Writing for Film, Television and Internet
Character Writing Tips
More of my wonderful and awe-inspiring interview with David Freeman -- this man knows!
Kenna: Beyond Structure covers 200 proven techniques to create stunning characters, dialogue, plots, and scenes, what is the most valuable aspect of these techniques?
David: The most valuable aspect is that, in two days, I pour out ten years of research into creating practical writing techniques. The result is that in almost no time at all attendees find themselves able to write at a whole new level, and create characters and dialogue and plots that are much more sophisticated than they could even imagine. That's why I offer a full money-back guarantee on the course, which I've never heard of any other screenwriting teacher doing.
My So Called life
Kenna: Can you give an example of how to create a character that is much more sophisticated?
David: I know about a hundred ways to give a character "depth." Let's say, in high school, a boy invites a girl with low self-esteem to a dance. He's just doing it for the company; he doesn't really care that much about her. But, as part of their date, he buys her some trinket -- maybe a stuffed turtle. Six months later we find that she overly treasures that turtle -- it's a symbol of something that she emotionally desires (in this case, affection from a boy.) That's one of those hundred techniques. In fact, I recently saw a case of this exact technique done while watching a video of an old episode of My So-Called Life.
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Make a Character Appealing
Kenna: What do you feel is the best professions a character can take on to make a story appealing?
David: There are about 50 ways to make a character appealing, and in turn emotionally draw us into a story. If you use these techniques in an artful way, you can make audiences empathize with someone in any job -- even a somewhat trashy woman (Erin Brokovich), a guy with the mental capacity of a yam (Forest Gump), or any other profession. This statement is not meant to offend yams, by the way. I like them, and I liked Forest Gump. And, I'm sure this is the first interview you've done where the interviewee took the time and care to let you know his feelings about underground tuberous vegetables.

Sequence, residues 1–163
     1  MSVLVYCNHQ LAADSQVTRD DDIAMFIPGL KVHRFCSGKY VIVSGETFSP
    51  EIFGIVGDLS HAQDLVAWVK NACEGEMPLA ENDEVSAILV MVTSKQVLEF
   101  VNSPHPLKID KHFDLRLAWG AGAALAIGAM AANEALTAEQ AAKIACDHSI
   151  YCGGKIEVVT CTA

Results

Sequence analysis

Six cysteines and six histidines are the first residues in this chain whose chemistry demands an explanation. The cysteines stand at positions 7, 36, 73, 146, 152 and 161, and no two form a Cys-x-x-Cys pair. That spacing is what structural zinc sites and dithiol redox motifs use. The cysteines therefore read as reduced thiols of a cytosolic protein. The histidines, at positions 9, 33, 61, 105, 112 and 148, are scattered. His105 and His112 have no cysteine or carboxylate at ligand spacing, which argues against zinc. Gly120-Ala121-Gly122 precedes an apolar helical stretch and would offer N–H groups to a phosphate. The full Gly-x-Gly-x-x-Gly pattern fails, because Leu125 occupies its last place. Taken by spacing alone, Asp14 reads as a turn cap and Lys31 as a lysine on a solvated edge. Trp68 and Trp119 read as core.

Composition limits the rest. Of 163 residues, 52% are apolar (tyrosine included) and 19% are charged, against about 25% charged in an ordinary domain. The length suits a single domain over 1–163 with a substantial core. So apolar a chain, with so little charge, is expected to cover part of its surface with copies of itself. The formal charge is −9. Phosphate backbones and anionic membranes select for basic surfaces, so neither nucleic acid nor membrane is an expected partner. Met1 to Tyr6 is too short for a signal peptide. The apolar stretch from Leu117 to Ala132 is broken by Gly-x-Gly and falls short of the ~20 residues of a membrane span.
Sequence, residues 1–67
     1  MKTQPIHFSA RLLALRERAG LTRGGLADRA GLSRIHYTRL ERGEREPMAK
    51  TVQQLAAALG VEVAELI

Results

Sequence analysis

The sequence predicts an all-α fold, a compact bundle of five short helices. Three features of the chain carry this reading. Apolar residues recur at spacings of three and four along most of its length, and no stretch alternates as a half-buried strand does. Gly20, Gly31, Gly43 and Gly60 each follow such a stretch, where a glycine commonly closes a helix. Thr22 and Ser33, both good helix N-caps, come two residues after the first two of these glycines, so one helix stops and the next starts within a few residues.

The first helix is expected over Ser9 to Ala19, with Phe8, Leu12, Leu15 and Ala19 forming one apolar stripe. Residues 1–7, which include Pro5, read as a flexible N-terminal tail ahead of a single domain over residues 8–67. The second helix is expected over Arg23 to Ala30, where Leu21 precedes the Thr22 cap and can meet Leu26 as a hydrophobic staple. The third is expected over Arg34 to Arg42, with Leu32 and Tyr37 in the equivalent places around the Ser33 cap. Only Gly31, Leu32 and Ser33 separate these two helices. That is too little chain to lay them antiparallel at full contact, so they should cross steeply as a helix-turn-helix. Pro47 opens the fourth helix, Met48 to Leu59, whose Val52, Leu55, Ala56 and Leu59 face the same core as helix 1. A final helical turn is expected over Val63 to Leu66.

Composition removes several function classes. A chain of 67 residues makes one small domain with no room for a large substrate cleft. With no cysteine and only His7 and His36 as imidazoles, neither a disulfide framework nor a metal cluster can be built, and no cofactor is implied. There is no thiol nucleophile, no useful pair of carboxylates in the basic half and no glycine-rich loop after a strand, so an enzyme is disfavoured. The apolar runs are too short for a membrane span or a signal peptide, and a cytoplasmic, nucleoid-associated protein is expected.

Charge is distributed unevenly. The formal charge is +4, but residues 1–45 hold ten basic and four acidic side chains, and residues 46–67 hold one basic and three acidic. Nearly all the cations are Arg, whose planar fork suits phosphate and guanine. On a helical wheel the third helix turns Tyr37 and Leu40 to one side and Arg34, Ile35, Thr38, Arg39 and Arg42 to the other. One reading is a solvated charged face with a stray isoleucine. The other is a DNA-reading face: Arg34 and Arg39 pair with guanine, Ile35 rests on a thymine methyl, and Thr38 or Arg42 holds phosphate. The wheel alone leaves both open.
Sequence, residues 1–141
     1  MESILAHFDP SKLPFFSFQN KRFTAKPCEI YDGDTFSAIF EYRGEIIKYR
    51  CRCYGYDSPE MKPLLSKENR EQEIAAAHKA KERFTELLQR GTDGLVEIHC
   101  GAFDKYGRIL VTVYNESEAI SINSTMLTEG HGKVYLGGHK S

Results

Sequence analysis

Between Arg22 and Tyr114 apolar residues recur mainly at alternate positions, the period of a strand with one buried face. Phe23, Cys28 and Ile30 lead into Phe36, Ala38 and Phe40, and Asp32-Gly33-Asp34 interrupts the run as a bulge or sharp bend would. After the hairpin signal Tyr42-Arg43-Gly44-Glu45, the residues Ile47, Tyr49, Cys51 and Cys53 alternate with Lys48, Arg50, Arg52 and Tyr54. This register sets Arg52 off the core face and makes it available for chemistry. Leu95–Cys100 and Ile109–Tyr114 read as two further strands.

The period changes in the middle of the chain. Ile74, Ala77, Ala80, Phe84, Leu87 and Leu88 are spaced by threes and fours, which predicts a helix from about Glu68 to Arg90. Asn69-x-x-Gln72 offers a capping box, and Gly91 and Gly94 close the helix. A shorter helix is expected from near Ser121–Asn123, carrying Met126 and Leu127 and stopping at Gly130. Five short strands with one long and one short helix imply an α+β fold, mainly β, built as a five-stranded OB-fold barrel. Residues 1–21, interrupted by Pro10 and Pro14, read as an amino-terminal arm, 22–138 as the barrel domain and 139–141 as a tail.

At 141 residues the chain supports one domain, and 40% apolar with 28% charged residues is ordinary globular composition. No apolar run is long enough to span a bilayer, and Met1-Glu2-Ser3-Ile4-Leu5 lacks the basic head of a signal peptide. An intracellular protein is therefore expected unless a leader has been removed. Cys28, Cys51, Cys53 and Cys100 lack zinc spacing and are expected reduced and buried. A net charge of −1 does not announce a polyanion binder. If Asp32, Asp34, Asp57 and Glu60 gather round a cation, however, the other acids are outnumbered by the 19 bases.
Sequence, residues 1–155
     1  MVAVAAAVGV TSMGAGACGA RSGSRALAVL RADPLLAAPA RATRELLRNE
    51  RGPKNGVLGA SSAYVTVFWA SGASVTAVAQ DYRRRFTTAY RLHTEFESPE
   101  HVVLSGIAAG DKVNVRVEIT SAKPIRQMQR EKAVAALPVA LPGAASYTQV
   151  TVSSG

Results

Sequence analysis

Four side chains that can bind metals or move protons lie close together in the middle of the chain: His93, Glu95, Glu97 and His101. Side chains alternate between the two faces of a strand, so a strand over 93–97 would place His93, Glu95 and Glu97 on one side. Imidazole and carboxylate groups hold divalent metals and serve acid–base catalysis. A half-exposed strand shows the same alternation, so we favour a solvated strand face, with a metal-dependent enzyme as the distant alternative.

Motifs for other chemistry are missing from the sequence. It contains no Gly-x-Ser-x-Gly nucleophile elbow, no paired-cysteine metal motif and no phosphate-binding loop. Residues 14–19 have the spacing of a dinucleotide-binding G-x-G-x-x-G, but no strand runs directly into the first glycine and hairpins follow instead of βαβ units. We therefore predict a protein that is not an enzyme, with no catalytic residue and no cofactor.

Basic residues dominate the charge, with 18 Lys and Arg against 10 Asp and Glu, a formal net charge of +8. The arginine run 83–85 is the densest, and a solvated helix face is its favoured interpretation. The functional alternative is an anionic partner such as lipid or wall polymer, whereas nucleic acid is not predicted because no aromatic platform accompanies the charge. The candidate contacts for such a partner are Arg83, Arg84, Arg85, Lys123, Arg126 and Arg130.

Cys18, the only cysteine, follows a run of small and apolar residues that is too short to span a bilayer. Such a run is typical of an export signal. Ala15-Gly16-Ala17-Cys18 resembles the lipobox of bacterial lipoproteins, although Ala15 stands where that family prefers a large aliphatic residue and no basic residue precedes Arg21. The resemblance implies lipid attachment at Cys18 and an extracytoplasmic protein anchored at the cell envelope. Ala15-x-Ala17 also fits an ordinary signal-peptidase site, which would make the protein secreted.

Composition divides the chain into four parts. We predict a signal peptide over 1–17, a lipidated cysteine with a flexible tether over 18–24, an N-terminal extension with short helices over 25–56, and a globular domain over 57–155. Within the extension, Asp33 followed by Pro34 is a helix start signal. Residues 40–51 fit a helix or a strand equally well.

Some examples of "rooting interest" techniques (techniques, which make us "root for," or empathize with a character): One technique is to have the character have an artistic side (Bill Pullman in While You Were Sleeping). Another technique is having the character have emotional problems or insecurities we can identify with (Ben Stiller in Something About Mary).
Read Great Scripts
Kenna: What is it you like about Hollywood?
David: I get paid to write! And, let us not forget the weather. Or the sheer beauty of places like Wilshire Blvd., which is often compared to the Swiss Alps, or The Valley, which of course brings to mind Paris, or Hollywood Blvd., which is hard to think about without thinking of Yosemite.
Kenna: Do you feel that anyone can write a great script and sell it if he/she has a complete commitment to do so -- bar none?
David: I won't minimize the importance of marketing yourself. At the same time, great scripts have a way of catching attention. The biggest mistake most new writers make is that they don't read scripts of great writers. It's a great way of learning, and it also lets you see how good the competition is.
With David's wise words, you need to start reading scripts. Scripts that are really great. There are several websites that offer scripts to read at no charge. All you need to do is google "screenplays" or "TV Scripts" and you will find a plethora of scripts to read.
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